Pouring a collagen-based sealant into a wound could speed up healing - and may reduce scarring, say doctors.
The material helps bind the wound together
Collagen - a protein found naturally in skin - has long been used in preparations designed to aid healing.
However, a team working at the Texas Agricultural Research Station combined it with other ingredients to make it more flexible, and stop it tearing if the patient moves.
They believe it could become a cheaper option because it only has to be applied once.
The prime market for such products is in the treatment of diabetic sores, which can be extremely slow to heal.
When tested on laboratory rats, wounds closed in three days compared with six if left untreated.
The animals displayed less scarring, although the researchers said there was no proof that this would be the case in humans.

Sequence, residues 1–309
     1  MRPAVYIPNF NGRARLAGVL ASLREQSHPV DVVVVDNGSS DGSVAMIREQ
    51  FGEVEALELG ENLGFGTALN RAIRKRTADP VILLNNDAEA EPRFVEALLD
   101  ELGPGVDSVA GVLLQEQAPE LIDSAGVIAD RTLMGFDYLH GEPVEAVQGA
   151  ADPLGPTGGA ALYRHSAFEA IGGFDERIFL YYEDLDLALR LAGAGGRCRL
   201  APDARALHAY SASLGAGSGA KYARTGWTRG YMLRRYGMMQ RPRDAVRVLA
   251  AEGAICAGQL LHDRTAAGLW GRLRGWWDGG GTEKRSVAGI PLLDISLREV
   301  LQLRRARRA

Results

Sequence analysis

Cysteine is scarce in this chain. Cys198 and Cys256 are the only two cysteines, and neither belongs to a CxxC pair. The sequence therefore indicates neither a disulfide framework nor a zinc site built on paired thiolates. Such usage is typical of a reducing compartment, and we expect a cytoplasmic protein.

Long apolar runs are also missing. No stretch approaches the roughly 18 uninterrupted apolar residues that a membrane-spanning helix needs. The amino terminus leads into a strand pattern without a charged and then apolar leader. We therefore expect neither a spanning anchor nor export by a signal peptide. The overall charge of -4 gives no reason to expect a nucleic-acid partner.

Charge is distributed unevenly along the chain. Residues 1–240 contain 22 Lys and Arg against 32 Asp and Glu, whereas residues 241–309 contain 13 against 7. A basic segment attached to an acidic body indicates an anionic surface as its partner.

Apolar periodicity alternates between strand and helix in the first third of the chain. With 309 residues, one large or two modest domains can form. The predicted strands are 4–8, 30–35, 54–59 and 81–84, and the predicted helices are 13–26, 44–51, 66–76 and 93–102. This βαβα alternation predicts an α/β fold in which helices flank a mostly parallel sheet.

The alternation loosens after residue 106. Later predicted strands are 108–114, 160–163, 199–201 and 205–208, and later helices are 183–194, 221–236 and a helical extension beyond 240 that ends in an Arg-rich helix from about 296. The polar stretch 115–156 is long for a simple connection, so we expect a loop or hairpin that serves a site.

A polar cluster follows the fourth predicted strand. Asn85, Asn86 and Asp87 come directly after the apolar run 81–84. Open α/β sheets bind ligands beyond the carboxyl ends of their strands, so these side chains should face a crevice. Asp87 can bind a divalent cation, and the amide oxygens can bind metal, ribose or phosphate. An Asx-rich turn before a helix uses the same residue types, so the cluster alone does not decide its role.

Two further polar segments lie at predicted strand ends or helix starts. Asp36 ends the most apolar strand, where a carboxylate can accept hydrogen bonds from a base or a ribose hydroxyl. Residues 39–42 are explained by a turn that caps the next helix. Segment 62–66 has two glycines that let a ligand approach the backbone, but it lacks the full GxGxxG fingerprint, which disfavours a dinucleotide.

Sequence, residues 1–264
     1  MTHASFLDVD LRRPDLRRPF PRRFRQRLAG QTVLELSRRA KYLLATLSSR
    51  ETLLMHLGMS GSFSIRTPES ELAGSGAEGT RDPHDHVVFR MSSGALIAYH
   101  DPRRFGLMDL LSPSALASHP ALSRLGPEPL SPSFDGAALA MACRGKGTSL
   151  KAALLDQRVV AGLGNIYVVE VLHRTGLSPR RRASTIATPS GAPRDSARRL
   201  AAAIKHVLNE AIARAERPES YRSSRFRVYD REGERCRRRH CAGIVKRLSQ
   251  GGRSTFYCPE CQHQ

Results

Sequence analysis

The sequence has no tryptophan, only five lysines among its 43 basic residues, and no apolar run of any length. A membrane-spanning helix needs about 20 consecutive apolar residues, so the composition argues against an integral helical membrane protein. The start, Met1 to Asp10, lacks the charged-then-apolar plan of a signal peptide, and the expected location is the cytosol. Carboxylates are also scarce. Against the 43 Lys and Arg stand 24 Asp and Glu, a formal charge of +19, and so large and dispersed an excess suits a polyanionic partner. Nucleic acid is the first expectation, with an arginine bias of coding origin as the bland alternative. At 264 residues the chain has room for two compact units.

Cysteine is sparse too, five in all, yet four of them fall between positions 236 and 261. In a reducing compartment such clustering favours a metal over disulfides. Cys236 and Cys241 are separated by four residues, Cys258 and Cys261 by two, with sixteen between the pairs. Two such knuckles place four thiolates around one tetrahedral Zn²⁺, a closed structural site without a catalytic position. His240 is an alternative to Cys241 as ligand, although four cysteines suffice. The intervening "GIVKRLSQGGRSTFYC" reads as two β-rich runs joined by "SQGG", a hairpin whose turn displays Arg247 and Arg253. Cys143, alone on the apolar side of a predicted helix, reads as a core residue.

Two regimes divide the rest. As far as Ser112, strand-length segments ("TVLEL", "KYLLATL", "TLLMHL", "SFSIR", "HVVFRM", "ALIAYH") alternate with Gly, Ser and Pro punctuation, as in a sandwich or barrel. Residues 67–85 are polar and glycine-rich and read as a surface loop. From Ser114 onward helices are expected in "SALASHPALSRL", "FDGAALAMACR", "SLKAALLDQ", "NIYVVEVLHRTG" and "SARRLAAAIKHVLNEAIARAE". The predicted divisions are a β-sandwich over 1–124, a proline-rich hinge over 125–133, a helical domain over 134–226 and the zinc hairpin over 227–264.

Dr Douglas Miller, who led the project, said: "Collagen in the most abundant protein in the mammalian body, and in skin, it's about 60% of your total protein.
"It's been described literally as the glue that holds you together.
The material is flexible
"If you've got a large open wound, your body moves, your skin moves, your muscles flex, and if this doesn't flex with it, it is simply going to tear.
"This has good mechanical strength, but it also has elasticity."
He said that other chemicals designed to speed healing and prevent infection, such as slow-release antibiotics, could be added to the sealant.
It could be used as a slow-release method of getting other drugs into the system.
Filling a wound that is half an inch deep and one inch in diameter would cost in the region of $100, he said - still cheaper than the cost of repeated visits to the GP to get the wound cleaned, treated and re-bandaged.